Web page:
Senator Joel Villanueva on Tuesday pushed for the increase in the 2021 budget of the Department of Science and Technology (DOST) for research and development (R&D).
Villanueva, who led the Senate finance subcommittee’s hearing on the DOST’s proposed 2021 budget, said senators were supportive of allocating more funds for R&D to boost efforts for innovation amid the COVID-19 pandemic.
“Most of us here in the Senate are supportive of research and development. Now is the best time to innovate, because while it is good news that the Philippines has reached 50th place in the Global Innovation Index 2020, we still need to do more,” said Villanueva, one of the vice chairpersons of the Senate Committee of Finance.
“With strengthened support to the DOST and R&D, not only do we allow innovation to provide solutions relevant to the pandemic and other pressing concerns of the country, we also retain and generate jobs amid the economic recession,” he added.
Villanueva cited the Global Innovation Index which ranked the Philippines 50th out of 130 economies due to the increased investments of the government in research and development.
But he raised concern over the cut on the DOST’s proposed budget, saying it would affect the various research priorities of the agency, particularly in the government’s COVID-19 response and in the department’s regional development programs.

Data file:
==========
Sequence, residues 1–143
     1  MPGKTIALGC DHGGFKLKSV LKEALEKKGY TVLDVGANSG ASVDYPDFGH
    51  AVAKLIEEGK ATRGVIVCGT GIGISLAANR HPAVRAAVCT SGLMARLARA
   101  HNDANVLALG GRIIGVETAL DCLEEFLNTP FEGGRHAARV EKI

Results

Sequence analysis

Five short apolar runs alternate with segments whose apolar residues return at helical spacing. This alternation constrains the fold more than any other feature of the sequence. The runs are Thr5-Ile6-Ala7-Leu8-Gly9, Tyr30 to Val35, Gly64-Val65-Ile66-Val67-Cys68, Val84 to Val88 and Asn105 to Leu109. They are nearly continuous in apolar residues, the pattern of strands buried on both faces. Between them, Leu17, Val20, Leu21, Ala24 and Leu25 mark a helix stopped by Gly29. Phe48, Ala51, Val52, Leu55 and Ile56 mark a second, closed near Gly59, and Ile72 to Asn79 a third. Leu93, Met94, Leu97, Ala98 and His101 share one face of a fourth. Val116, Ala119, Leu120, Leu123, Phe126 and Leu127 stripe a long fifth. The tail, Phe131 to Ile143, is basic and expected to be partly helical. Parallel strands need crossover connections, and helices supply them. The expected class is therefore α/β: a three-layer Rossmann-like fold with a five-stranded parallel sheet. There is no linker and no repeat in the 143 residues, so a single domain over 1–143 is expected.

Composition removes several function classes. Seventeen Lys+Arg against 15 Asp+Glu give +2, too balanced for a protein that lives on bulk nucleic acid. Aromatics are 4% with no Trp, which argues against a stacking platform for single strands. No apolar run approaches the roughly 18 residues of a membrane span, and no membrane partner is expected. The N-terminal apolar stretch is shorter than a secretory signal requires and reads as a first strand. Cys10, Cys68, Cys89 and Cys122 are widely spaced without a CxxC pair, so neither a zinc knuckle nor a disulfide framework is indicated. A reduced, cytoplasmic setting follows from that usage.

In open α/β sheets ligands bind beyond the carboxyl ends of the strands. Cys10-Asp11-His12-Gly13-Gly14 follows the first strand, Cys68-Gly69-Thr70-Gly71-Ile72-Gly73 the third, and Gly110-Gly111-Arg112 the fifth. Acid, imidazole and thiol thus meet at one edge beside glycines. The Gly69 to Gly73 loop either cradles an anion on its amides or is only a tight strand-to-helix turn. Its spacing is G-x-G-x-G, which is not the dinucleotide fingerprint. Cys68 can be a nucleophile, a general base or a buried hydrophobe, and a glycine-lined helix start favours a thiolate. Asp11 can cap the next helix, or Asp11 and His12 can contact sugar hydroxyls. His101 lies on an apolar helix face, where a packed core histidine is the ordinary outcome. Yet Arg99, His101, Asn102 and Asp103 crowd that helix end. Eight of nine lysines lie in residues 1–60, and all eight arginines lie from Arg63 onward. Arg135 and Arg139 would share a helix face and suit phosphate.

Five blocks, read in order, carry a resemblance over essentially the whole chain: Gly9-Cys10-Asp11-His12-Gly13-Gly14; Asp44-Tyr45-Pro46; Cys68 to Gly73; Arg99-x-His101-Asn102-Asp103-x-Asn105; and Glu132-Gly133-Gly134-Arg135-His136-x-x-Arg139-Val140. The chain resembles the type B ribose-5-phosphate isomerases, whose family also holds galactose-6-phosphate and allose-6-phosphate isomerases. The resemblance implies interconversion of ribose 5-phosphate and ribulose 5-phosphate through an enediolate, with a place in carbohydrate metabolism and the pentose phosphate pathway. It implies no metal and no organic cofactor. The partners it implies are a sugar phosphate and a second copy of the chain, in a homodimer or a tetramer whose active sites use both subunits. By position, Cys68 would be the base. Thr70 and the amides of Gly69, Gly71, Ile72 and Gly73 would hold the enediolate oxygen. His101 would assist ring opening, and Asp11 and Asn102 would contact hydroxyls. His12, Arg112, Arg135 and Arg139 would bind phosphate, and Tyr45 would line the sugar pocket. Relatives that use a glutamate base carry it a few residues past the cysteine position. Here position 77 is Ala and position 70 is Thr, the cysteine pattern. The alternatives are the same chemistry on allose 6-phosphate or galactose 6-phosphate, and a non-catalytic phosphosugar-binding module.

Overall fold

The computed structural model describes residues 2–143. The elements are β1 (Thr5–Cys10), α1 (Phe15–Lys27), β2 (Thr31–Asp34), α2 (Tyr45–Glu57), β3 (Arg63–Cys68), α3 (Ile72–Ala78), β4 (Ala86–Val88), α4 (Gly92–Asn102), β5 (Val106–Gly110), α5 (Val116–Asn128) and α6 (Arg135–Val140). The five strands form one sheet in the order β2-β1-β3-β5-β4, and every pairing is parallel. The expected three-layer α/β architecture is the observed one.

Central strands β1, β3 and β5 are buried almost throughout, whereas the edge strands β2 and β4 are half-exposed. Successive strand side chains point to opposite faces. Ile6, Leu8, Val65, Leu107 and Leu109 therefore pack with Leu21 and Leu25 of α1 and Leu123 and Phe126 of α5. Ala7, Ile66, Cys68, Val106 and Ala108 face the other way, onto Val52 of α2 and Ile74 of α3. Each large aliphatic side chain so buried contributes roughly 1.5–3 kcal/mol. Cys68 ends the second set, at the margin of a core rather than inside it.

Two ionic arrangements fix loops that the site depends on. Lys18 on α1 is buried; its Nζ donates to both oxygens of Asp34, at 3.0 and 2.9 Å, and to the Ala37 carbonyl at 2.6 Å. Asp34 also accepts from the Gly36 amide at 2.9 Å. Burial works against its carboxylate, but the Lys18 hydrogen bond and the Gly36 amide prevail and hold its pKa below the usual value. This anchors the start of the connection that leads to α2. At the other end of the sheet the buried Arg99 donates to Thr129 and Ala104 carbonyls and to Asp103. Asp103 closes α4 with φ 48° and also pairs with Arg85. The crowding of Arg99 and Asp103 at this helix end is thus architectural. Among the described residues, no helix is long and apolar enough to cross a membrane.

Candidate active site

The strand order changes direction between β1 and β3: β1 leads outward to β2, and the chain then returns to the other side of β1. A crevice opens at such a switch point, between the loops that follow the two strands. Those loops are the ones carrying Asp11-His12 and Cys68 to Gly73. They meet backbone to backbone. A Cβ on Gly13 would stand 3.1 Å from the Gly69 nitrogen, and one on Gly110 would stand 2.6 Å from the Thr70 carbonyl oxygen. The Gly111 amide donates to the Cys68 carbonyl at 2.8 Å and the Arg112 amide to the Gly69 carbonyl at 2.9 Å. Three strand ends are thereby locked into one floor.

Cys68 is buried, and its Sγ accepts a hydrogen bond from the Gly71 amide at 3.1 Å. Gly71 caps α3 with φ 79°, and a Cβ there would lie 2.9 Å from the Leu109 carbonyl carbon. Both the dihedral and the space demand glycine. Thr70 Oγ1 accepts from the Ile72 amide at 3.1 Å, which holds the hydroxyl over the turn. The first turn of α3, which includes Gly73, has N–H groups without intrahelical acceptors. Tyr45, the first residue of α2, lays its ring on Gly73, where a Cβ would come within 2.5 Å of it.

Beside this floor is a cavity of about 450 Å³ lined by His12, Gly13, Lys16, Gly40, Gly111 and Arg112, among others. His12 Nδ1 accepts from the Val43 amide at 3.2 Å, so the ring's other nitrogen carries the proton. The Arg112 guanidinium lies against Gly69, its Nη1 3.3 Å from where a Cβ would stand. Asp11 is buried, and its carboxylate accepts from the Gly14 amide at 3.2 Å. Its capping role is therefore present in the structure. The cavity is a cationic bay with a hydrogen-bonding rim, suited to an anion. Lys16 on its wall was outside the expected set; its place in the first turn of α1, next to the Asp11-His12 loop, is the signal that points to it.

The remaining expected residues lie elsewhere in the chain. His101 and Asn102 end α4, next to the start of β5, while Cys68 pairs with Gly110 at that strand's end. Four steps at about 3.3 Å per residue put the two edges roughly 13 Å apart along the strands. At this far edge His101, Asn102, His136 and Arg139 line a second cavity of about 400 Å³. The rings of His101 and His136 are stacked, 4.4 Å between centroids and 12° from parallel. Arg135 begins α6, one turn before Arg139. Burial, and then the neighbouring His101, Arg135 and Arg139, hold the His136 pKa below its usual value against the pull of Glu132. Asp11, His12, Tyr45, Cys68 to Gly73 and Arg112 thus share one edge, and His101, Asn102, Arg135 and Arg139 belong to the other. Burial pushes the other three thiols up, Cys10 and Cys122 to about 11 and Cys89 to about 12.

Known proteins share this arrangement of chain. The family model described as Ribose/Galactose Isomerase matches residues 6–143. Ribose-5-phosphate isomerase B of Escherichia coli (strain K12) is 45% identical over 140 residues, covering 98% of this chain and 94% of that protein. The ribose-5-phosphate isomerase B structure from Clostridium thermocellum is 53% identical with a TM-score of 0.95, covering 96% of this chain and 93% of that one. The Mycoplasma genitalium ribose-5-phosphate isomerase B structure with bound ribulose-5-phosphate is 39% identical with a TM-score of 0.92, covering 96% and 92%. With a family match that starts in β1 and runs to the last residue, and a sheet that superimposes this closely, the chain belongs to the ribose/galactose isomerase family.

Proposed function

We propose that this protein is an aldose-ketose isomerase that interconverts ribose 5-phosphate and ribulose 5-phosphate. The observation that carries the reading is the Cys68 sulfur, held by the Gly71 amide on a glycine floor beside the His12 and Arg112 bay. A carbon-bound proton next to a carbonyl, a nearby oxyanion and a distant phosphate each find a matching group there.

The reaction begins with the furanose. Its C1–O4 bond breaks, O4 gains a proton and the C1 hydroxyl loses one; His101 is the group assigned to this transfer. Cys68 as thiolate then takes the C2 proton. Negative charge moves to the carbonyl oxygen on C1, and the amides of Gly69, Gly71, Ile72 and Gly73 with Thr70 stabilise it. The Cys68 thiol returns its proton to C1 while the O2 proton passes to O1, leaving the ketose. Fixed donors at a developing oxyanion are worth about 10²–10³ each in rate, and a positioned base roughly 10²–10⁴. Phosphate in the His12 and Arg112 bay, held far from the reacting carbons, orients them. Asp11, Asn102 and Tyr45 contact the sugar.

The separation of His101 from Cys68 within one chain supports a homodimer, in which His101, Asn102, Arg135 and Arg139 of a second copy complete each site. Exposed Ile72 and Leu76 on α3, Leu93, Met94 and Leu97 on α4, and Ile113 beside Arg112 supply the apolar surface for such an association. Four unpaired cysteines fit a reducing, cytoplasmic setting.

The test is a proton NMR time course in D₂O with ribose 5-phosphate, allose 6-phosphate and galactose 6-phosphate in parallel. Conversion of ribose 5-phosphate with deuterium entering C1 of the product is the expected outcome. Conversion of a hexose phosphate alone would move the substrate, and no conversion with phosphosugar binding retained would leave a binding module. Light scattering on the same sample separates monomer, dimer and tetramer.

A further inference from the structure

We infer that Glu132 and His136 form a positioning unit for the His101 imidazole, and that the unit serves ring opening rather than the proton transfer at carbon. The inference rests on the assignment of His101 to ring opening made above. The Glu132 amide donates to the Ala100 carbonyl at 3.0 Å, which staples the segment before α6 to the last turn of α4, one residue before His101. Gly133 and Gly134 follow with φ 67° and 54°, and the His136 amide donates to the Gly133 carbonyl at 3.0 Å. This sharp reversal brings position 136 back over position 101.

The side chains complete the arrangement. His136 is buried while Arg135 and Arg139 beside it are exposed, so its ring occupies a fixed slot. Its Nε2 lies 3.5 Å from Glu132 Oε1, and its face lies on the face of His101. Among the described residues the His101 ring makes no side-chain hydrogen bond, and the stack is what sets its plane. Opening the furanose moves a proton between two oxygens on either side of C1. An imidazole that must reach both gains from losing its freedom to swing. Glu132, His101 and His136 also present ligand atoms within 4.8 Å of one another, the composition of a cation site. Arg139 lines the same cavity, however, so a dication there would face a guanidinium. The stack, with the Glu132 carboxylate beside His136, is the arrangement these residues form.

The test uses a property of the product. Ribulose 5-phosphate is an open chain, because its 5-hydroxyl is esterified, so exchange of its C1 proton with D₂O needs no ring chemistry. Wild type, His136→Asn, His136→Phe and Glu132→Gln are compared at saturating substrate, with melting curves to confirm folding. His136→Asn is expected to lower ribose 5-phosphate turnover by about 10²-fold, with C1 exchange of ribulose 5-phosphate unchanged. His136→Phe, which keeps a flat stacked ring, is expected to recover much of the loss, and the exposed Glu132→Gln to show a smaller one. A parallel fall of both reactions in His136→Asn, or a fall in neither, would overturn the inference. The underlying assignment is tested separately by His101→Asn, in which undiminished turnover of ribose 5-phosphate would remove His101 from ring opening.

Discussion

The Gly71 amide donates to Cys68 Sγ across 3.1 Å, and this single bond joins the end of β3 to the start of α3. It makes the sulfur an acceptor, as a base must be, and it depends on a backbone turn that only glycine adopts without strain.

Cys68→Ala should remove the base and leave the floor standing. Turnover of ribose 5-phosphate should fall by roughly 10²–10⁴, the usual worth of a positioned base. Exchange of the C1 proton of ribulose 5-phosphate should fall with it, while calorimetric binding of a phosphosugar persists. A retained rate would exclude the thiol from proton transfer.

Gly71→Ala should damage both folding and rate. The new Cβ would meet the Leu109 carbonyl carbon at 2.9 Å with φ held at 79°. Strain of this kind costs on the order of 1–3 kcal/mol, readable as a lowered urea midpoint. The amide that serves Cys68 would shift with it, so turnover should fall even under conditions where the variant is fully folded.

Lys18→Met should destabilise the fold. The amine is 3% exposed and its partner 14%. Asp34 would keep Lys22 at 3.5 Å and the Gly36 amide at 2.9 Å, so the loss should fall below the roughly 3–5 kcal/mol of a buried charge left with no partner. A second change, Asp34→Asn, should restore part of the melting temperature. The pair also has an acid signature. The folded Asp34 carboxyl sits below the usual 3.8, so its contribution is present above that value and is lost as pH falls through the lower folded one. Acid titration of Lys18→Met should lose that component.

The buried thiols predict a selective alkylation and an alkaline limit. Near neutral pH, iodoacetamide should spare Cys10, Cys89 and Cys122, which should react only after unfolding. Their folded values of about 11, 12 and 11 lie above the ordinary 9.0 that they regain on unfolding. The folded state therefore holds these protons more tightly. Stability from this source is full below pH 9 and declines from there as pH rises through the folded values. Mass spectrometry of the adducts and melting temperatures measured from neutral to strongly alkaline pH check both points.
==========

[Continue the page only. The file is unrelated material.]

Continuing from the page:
The DOST had initially asked for a P36.269-billion budget for next year, but was only allowed P23.89 billion by the Department of Budget and Management (DBM).
The agency’s proposed budget for its R&D institutes also suffered a P76.2-million budget cut, from the P2.488 billion this year to P2.411 billion proposed budget for 2021.
These include allocations for the Forest Products Research and Development Institute, Philippine Nuclear Research Institute, Philippine Textile Research Institute, Metal Industry Research and Development Institute, and its Industrial Technology Development Institute.
Villanueva said the Philippines is lagging behind other countries in terms of funding research, whose total comprise only 0.15 percent of the gross domestic product (GDP) compared to the one percent average research expenditure of other countries based on a UNESCO study.
Secretary Fortunato dela Peña said at least P1.2 billion is needed to finance and sustain the DOST’s research programs.